• Finally, pluck a piece of the decal’s edge free using tweezers or your fingertips.
  • Pull this gently to remove big pieces of vinyl one at a time!
  • Run the t-shirt in the washer to remove the solvent and any vinyl leftovers.

Rubbing alcohol

Neither does rubbing alcohol emit unpleasant smells or have any hazardous ingredients. And it’s a lot less expensive than a professional remover!

However, it also doesn’t work as quickly or effectively as the industrial solvent.

  • An accessible sink or big bucket should be part of your workstation setup.
  • The decal should be facing up on the back of the garment after turning it inside out.
  • Hold the garment over a basin or sink.
  • Pour rubbing alcohol around the decal’s back. The cloth has to be saturated!
  • Then, to free the cloth from behind the vinyl, use your fingers to tug and wriggle it.
  • Turn the shirt inside out, then use a knife or tweezers to pry up a pattern edge.
  • If the vinyl does not simply pull away, you might need to scrape sections of it carefully.
  • If required, you may always re-soak the clothing in alcohol.
  • Use cold water to rinse the shirt tunder.
  • The petroleum jelly procedure should get used if you see a lot of vinyl residue to free up any remaining pieces of plastic.


If you initially set the HTV incorrectly and want to remove the vinyl immediately, the dryer technique often works best, and it won’t function properly with outdated HTV designs. However, since it effectively removes HTV residue, you may also use it as a backup strategy after using another procedure.

Additionally, this approach is the easiest by far. Place the clothing in your washing machine, and after the cycle is over, dry it on a high setting in the dryer.

Scrape off any remaining HTV as you take off the dry shirt!

Petroleum jelly

For how to remove heat transfer paper from shirt, the petroleum jelly process is time-consuming and labour-intensive. But it’s fantastic as a follow-up to any of the techniques mentioned here.

This is how it goes:

  • Your shirt should be inside out.
  • Place the shirt inside some cardboard to spread and lie flat.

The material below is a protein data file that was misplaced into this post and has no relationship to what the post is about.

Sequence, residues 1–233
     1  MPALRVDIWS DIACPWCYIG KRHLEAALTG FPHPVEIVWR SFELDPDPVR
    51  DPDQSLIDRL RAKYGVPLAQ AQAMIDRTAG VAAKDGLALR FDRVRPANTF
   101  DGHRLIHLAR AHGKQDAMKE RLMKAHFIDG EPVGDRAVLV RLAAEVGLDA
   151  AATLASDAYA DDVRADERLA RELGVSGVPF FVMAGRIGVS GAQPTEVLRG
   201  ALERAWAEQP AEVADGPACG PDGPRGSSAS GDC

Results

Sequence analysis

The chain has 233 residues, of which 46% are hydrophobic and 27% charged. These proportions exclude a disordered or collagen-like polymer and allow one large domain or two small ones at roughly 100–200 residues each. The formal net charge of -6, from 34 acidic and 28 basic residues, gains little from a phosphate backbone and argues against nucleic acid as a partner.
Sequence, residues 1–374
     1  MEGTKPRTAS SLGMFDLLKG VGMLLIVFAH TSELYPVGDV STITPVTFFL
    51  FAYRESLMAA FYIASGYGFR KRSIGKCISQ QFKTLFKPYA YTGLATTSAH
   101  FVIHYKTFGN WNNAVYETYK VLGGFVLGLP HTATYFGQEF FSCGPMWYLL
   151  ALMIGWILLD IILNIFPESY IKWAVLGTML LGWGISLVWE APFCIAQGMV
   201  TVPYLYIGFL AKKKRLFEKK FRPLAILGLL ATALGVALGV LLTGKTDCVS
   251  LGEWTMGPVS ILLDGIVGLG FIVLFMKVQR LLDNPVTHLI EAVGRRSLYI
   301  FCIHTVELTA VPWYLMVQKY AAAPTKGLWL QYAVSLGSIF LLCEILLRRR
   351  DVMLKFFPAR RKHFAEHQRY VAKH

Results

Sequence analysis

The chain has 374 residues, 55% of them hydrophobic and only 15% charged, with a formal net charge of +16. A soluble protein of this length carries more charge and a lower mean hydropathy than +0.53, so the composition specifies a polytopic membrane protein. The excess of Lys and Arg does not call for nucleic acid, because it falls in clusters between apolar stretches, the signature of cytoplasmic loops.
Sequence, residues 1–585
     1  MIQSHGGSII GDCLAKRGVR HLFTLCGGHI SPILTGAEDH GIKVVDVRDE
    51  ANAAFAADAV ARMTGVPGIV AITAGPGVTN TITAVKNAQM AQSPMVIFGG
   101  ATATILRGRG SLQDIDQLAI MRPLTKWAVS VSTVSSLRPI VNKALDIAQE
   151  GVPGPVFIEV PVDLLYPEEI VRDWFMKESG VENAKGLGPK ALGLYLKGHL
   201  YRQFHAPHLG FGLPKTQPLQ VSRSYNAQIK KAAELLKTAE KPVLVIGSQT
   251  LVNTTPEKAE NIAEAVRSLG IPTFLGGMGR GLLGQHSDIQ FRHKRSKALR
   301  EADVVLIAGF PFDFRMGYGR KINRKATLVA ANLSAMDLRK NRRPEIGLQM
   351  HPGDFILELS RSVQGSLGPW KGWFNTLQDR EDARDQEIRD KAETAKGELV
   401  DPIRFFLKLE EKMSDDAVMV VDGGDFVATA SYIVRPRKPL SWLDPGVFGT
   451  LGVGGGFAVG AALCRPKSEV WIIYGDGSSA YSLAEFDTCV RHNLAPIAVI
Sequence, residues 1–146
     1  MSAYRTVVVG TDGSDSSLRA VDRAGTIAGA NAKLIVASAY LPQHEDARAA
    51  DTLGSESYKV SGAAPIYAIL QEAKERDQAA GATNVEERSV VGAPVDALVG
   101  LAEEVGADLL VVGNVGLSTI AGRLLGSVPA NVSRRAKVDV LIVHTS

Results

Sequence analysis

• Massage a tablespoon or more petroleum jelly with your palm in circular motions over the decal’s back.
  • Drops of liquid washing detergent should then get added. Over the jelly, rub this in.
  • You should now notice glue clumping up.
  • To remove the glue, rinse with hot water.
  • If required, repeat the procedure.

When you get done applying the HTV, wash the clothing in the washing machine since the petroleum jelly would leave an oily stain.

  • Hair dryer

If you’re concerned about breaking your iron, try removing the decal with a hairdryer! You needn’t worry about the vinyl becoming damaged because the hairdryer won’t come in touch with it!

As with any heat-based technique, cotton shirts perform better than polyester tees in this procedure.

  • To stop anything from seeping out the back of the shirt, first place a piece of cardboard or perhaps a towel inside the tee.
  • The decal side up, lay your garment flat on an iron board at this point.
  • Put the hottest setting on your hairdryer.
  • Moving the drier back and forth over the sticker while keeping it as near the vinyl as you can without touching it.
  • Try peeling up a portion of the decal with tweezers after 30 seconds.
  • Continue the heating and scraping procedure to remove the cloth’s pattern.

Final Thought

Removing a heat transfer

HTV can get eliminated by utilising heat-based techniques or a heat transfer vinyl remover. Make sure to operate in a well-ventilated area using chemical solvents that produce dangerous vapours.

Using any heat-based technique could be unsettling. While performing it, you could become a little sweaty, but if you adhere to the steps above, you will ultimately get the hang of it.

Watch: Removing a heat transfer

Read more:

Eco Solvent Ink vs. Sublimation Ink: What’s the Difference?

Can You Sublime On Regular White HTV? Ultimate How To Guide!


Can You Use Sublimation Ink On Heat Transfer Paper?